Doctors, health-care advocates praise Ontario's pharmacare plan
The medical community is welcoming the Ontario government's new pharmacare program that promises free prescription drugs to all children and young adults starting in January.
Doctors, medical researchers, and health-care advocates see pharmacare as the missing essential of medicare, and question why health systems across Canada don't provide universal drug coverage as part of universal medical coverage.
- Ontario budget 2017: Free prescription drugs for everyone under age 25
"It doesn't make any sense," said Dr. Nav Persaud, a family physician at St. Michael's Hospital in Toronto. "We have patients who come back with the same problem because they haven't been able to afford the medication that we prescribed the last time."
Persaud praised Ontario Premier Kathleen Wynne's Liberal government for announcing its drug benefit program, even though it only covers people aged 24 and under.
"A better age limit would have been 125, because it's clear from the evidence that there are millions of people across Canada who can't afford medication," Persaud said in an interview Friday on CBC Toronto's Metro Morning. "I hope that yesterday's announcement indicates that we're along the road to providing access for everyone in Canada who needs medication."
The new pharmacare plan that the Liberals are calling OHIP+ would begin on Jan. 1, 2018, and provide free prescription drugs to some four million children and youth. Some three million seniors and about 900,000 families on social assistance already get medications through the Ontario Drug Benefit Plan, but must pay their own deductibles and per-prescription co-pay amounts.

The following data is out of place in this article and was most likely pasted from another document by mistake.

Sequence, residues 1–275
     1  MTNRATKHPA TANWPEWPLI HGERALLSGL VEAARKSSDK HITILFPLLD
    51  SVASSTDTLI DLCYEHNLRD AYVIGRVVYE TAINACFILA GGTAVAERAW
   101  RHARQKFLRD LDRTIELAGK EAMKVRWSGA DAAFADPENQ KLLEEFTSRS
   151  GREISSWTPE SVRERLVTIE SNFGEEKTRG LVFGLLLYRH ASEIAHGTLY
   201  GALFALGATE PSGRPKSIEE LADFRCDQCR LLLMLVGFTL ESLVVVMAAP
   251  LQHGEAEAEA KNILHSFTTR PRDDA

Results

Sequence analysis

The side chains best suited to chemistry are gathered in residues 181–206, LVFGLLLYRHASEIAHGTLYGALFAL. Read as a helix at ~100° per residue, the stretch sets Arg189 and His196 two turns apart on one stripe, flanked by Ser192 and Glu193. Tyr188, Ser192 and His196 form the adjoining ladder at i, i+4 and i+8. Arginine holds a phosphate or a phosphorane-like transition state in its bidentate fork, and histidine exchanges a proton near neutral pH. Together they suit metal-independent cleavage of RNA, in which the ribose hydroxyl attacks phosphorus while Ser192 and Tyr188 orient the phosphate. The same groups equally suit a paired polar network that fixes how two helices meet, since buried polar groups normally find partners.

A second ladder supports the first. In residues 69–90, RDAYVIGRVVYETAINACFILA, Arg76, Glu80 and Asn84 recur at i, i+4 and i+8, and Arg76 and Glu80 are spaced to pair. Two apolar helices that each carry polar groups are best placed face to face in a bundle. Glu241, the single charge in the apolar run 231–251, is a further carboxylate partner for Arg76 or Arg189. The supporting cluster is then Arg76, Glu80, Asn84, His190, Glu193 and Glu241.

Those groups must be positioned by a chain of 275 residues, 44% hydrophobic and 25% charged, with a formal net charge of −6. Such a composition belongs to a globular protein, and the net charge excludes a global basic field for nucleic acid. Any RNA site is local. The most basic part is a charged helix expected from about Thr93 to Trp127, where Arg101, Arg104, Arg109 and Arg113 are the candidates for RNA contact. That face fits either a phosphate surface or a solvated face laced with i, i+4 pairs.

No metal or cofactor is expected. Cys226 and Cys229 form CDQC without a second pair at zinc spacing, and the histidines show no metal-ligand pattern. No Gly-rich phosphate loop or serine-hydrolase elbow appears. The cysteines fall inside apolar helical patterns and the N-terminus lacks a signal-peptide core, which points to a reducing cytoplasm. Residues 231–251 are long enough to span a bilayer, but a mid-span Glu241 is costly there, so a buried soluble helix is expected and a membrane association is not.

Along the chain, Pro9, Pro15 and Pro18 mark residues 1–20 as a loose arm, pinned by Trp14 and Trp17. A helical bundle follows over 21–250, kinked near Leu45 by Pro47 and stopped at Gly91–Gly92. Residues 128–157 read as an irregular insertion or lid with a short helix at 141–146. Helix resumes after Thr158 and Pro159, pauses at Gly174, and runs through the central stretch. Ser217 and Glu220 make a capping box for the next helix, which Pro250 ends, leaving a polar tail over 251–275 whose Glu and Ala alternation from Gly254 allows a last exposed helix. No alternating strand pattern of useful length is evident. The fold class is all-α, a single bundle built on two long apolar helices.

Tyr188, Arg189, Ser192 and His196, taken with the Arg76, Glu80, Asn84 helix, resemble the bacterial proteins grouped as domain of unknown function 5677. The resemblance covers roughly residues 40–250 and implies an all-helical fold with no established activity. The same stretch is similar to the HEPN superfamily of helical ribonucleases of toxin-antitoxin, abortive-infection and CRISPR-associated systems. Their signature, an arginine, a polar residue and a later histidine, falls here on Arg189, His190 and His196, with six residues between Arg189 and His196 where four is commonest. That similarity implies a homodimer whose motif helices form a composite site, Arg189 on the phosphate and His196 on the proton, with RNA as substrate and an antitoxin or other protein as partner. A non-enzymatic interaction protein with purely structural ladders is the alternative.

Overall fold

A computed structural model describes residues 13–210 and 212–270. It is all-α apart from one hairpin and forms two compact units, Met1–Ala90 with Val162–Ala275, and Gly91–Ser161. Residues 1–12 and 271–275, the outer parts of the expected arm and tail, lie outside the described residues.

Covering prescription drugs fully through the medicare system is one of the six "big ideas" that Dr. Danielle Martin proposes for improving the health of Canadians in her new book Better Now.
"We often see children coming into the emergency department with preventable asthma attacks because parents were spacing out their puffers until the cheque came in at the end of the month," said Martin, a family physician and vice-president of Toronto's Women's College Hospital, in an interview Friday.
Martin said the biggest benefit from the Ontario Liberal pharmacare plan will go to children in need of long-term daily medication because of chronic diseases, such as asthma, diabetes and rheumatoid arthritis, as well as young adults with mental illness.
"There are real people who are going to be significantly helped by this," said Martin.
New cancer meds can cost $70,000
Those include cancer patients, who are increasingly being prescribed treatment to be taken at home, therefore not covered by OHIP the way in-hospital drugs are.
"For newer cancer medications, the average course of treatment is over $70,000," said Kelly Gorman, senior manager of public issues for the Canadian Cancer Society. "Having a program that's going to cover the cost of their drugs is just going to help families in a significant way."
On Friday, Wynne hinted she would eventually like to expand the drug program beyond young adults and children, but made no commitments.
"Do I believe there should be universal pharmacare for all ages in Ontario? Yes, I think that's an absolutely important goal," Wynne said at a news conference. "Do I have a timeline for when that will happen? No I don't."
Ontario's next election is scheduled for June 7, 2018.